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Deformation of the cell nucleus under indentation: Mechanics and Mechanisms

Ashkan Vaziri's picture

Computational models of the cell nucleus, along with experimental observations, can help in understanding the biomechanics of force-induced nuclear deformation and mechanisms of stress transition throughout the nucleus. Here, we develop a computational model for an isolated nucleus undergoing indentation, which includes separate components representing the nucleoplasm and the nuclear envelope. The nuclear envelope itself is composed of three separate layers: two thin elastic layers representing the inner and outer nuclear membranes and one thicker layer representing the nuclear lamina. The proposed model is capable of separating the structural role of major nuclear components in the force-induced biological response of the nucleus (and ultimately the cell). A systematic analysis is carried out to explore the role of major individual nuclear elements, namely inner and outer membranes, nuclear lamina, and nucleoplasm, as well as the loading and experimental factors such as indentation rate and probe angle, on the biomechanical response of an isolated nucleus in atomic force microscopy indentation experiment. The paper can be accessed here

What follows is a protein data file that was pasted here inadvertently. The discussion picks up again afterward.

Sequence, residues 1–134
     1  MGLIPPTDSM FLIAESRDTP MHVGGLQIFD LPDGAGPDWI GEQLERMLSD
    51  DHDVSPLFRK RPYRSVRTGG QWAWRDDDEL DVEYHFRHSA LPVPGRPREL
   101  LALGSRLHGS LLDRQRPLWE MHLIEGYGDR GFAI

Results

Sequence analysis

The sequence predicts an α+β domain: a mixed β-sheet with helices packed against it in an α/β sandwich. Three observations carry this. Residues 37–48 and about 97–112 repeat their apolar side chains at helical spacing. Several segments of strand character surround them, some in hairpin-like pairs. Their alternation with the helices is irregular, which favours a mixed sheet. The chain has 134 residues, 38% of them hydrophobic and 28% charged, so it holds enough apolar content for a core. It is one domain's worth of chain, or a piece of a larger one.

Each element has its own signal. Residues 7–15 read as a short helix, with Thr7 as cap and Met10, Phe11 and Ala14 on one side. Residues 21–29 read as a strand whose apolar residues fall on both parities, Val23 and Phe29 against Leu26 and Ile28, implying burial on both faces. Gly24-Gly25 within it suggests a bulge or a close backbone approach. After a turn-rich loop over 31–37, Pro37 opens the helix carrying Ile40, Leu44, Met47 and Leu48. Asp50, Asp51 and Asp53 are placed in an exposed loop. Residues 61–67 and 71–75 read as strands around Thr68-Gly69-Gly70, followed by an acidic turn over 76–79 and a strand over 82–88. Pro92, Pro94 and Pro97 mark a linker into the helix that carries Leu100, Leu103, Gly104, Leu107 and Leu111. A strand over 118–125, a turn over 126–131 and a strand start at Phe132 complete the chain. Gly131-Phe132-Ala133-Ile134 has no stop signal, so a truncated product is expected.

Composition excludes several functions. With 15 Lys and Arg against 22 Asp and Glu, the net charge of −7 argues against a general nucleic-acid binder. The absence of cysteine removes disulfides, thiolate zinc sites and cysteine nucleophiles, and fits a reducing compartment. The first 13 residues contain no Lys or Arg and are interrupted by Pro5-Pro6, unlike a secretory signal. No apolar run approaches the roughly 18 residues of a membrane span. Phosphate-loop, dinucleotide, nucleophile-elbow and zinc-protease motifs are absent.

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Xi Chen's picture

We study the indentation and mechanics of cells/proteins a lot, and would like to learn something from your paper.

Ashkan Vaziri's picture

Thanks for your interest. I have included a link to the paper.

On Page 2127 of your article, it is stated:

"It is noteworthy that the current data on theapparent stiffness of cell nuclei are rather divergent, withvalues ranging from 18 Pa to nearly 10 kPa12,25–27 due tofactors such as cell type, measurement techniques and

conditions, length scale of interest, and also interpretation methods."

 How is apparent stiffness is defined here? Note I am new to the field.   

 

 

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